Bottom line: always, always, always have the nurse or doctor take your sitting blood pressure in each arm, after five minutes of rest (p. 108). If they don’t, they’re taking shortcuts that put you in peril.

One more short take: as late as 1990, 1% of women died in childbirth in the poorest parts of the world, and 1 in 300 (one-third of all childbirth deaths) were the result of uncontrolled bleeding (p. 161), mainly as a result of unfortunate placenta separation (it turns out that much depends on where the attachment is made in the first place).

This book will teach you many things and, if you’re anything like me, scare you enough to make real changes in what you do and eat each day. (Last night, I went to a drive-through craving a burger and found they had just added to calorie count to their menu. Instead of the burger with 1150-1650 calories (plus the fries!), I ordered the simple chicken sandwich at 650 and fed the fries to the dogs. You have to start somewhere.)

(In a couple of weeks, I’ll talk about a little book I found called The Wandering Falcon that acts as a kind of counter-balance to the whole “what would we do without modern civilization?” line of thought.)

The Relic Master by Christopher Buckley

The Relic Master by Christopher Buckley (Simon & Schuster, 2015), 380 pages.

TRM Buckley

Today, we think of a “relic” as a piece of a discarded past, an object to be considered as obsolete as a buggy whip, something to be regarded as we wonder that people ever really cared for the relic in the first place. But in the early 1500s, specifically the year 1517 and a couple of years following, a relic was an object of veneration, tied to an “indulgence” that could trim as much as 500 years in purgatory off a soul’s torment after death before being admitted to paradise for eternity. Indulgences had a value all their own, although often tied to relics, and were bought the way we buy stocks today. The purchase price went toward building new basilicas and palaces for the Catholic Church, including Saint Peter’s Basilica in Rome and much of the rest of the Vatican.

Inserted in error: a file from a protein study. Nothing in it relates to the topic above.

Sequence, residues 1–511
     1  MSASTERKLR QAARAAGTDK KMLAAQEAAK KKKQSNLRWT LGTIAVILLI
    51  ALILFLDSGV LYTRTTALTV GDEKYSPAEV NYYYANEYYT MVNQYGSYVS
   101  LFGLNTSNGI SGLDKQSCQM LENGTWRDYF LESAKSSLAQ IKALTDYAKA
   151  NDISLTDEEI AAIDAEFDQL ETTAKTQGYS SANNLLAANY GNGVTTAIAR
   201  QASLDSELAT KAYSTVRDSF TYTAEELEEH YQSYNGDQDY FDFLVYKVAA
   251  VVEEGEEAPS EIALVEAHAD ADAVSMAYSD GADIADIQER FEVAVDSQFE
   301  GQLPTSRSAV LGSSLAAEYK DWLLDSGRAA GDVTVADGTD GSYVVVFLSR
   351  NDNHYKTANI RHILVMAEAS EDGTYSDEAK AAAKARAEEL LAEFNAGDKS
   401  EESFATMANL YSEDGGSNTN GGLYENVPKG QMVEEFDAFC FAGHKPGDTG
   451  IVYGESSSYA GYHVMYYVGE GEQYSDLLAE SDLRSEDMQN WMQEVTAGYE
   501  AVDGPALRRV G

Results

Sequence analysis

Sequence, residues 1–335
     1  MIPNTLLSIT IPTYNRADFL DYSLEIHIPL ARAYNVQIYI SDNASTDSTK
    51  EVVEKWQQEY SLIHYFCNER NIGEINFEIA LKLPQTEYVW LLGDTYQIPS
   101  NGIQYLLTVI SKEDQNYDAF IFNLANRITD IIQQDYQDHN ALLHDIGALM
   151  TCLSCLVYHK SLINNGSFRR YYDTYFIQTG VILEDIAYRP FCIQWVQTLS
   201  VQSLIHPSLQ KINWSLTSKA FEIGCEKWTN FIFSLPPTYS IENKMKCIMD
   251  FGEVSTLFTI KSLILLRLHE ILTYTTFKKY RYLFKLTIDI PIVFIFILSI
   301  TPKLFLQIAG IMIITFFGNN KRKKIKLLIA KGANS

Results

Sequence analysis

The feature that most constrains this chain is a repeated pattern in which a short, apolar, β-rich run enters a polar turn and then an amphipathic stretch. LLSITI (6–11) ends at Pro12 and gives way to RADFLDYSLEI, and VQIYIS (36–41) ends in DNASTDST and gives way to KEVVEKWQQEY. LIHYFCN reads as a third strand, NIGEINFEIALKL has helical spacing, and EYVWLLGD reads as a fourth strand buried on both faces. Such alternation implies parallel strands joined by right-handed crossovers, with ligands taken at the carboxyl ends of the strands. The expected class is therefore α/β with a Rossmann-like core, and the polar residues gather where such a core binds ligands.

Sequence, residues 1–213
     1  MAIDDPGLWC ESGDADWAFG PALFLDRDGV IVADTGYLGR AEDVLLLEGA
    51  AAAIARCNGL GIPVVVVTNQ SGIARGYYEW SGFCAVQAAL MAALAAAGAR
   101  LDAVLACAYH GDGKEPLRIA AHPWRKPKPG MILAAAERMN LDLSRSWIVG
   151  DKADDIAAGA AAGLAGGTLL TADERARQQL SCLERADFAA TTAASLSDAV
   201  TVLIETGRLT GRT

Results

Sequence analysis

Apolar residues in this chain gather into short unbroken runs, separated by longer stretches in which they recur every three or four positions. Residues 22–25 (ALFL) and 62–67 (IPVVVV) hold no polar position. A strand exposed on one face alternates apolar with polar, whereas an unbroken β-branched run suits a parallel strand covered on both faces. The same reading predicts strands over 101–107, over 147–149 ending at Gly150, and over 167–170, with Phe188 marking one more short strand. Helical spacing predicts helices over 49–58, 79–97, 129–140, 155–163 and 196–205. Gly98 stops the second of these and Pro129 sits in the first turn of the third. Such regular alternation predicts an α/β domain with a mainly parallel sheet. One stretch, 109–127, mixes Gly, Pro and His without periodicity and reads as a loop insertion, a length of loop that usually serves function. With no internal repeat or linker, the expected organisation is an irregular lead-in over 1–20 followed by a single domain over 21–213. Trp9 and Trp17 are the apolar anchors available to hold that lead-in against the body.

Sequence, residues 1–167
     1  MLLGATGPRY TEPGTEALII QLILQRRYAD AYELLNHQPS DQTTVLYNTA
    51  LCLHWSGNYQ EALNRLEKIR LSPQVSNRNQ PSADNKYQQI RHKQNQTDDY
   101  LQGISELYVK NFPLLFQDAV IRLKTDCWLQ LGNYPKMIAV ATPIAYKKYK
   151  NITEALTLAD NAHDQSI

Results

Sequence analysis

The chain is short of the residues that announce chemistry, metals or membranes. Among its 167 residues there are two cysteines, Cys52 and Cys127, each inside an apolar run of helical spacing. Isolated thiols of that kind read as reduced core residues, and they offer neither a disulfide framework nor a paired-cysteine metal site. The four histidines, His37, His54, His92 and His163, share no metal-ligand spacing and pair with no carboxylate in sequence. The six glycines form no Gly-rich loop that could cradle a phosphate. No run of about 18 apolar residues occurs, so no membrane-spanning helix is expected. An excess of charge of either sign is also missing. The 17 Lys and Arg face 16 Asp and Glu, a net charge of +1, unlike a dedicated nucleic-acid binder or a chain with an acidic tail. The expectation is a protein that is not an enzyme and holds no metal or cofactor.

Nothing prevented dukes and princes and other royalty in Europe from collecting relics of saints and martyrs on their own. The toe, a rib, or even the skull of a saint would do. The royals collected money from pilgrims who wished to honor or view or pray to the relic. And the more relics you had in the vault of the palace church, the more popular your place became as the last stop of the pilgrimage, complete with a feast and a fair and markets to sell to for everyone.